If he had gone by the name his parents gave him—Lawrence Peter—we probably would not have remembered him as much. But in addition to being an excellent catcher and hitter for the New York Yankees ‘Yogi’ Berra could fracture the English language as well as he could hit baseballs outside of the strike zone.
He got his nickname from a minor league teammate who commented he looked like a Hindu yogi whenever the team lost.
Berra died Sept. 22 at age 90. And left us with a lifetime of yogi-isms…his wacky way with words… that maybe he said, maybe he didn’t but took credit for all the same.
“I really don’t know why I say them,” he once told a reporter. “It just comes out.”
But here are some of his most memorable Yogisms that are attributed to the Hall of Famer:
“It ain’t over till it’s over.”
“It’s déjà vu all over again.”
“When you come to a fork in the road… take it.”
“I usually take a two-hour nap from 1 to 4.”
“Never answer an anonymous letter.”
“I always thought the record would stand until it was broken.”
“We made too many wrong mistakes.”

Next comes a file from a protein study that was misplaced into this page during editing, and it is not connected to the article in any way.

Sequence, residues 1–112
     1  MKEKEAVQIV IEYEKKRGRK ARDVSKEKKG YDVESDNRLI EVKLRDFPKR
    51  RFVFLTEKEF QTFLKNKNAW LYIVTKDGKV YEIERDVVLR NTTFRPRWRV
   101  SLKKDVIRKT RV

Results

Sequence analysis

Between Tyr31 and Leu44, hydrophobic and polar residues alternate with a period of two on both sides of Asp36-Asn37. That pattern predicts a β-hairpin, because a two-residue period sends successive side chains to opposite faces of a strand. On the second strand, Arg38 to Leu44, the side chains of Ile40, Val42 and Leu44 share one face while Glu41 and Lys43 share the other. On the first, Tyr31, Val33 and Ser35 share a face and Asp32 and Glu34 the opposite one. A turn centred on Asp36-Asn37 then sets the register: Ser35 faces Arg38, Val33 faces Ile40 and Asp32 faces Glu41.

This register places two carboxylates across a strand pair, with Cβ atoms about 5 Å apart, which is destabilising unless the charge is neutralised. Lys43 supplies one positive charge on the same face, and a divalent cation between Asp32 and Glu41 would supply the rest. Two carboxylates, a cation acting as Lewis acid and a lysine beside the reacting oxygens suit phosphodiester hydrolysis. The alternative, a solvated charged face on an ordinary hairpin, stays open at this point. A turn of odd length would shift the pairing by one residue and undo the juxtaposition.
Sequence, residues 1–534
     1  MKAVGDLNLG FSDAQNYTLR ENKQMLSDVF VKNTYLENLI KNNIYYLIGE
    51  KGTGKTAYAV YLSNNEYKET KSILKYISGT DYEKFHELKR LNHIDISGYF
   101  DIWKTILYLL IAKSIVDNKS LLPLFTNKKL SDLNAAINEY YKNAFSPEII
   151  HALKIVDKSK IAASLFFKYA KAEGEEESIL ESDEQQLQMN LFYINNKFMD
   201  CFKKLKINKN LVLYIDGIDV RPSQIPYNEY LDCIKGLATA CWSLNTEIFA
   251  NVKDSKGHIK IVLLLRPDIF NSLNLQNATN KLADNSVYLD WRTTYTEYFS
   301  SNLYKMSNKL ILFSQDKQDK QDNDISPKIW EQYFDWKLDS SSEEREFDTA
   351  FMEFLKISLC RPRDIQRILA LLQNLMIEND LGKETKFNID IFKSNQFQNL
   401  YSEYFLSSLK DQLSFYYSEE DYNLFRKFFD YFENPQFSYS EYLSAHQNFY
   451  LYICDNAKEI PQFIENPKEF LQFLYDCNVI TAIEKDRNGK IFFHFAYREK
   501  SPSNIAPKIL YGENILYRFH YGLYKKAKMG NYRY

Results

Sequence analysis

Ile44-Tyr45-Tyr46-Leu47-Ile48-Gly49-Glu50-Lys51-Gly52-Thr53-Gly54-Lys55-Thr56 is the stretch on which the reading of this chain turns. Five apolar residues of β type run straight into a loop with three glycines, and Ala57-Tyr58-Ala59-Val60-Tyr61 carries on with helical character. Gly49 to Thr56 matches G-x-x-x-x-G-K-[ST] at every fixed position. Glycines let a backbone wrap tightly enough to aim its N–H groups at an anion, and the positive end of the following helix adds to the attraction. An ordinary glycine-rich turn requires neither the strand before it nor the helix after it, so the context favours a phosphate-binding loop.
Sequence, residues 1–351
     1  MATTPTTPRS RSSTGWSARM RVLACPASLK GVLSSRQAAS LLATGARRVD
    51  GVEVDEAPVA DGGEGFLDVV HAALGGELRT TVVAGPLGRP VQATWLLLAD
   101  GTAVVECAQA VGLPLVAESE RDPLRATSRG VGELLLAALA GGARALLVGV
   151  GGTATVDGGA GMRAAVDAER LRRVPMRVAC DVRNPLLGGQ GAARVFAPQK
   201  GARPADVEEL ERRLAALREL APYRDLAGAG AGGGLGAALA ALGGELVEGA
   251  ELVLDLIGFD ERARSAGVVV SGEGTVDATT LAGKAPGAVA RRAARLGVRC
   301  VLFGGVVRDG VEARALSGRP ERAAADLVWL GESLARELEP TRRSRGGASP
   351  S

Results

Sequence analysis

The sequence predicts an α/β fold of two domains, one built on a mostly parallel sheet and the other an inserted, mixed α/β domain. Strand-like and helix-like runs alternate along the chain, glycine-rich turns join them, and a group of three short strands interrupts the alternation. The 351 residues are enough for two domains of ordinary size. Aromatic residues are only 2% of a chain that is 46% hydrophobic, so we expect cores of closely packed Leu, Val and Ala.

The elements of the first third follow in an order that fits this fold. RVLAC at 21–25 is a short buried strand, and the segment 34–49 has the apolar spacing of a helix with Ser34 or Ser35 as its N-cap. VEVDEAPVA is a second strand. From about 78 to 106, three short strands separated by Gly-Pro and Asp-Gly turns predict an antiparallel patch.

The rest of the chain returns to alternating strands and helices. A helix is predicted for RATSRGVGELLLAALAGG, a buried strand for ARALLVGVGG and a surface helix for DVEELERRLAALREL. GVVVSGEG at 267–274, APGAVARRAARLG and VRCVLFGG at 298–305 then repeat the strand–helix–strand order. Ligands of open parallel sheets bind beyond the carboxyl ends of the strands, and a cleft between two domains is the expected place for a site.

“You can observe a lot by watching.”
“The future ain’t what it used to be.”
“If the people don’t want to come out to the ballpark, nobody’s going to stop them.”
“Pair up in threes.”
“Why buy good luggage? You only use it when you travel.”
Concerning a popular restaurant, “Nobody goes there anymore. It’s too crowded.”
“If you can’t imitate him, don’t copy him” he told a player trying to emulate Frank Robinson.
“Baseball is 90 percent mental. The other half is physical.” “If you don’t know where you are going, you’ll end up someplace else.”
“In theory, there is no difference between theory and practice. But in practice, there is.”
“I wish I had an answer to that because I’m tired of answering that question.”
“Half the lies they tell about me aren’t true.”
“You have to give 100 percent in the first half of the game. If that isn’t enough, in the second half, you have to give what’s left.”
“He must have made that before he died.”
“Even Napoleon had his Watergate.”
But perhaps his most truthful malapropism: “I never said most of the things I said.”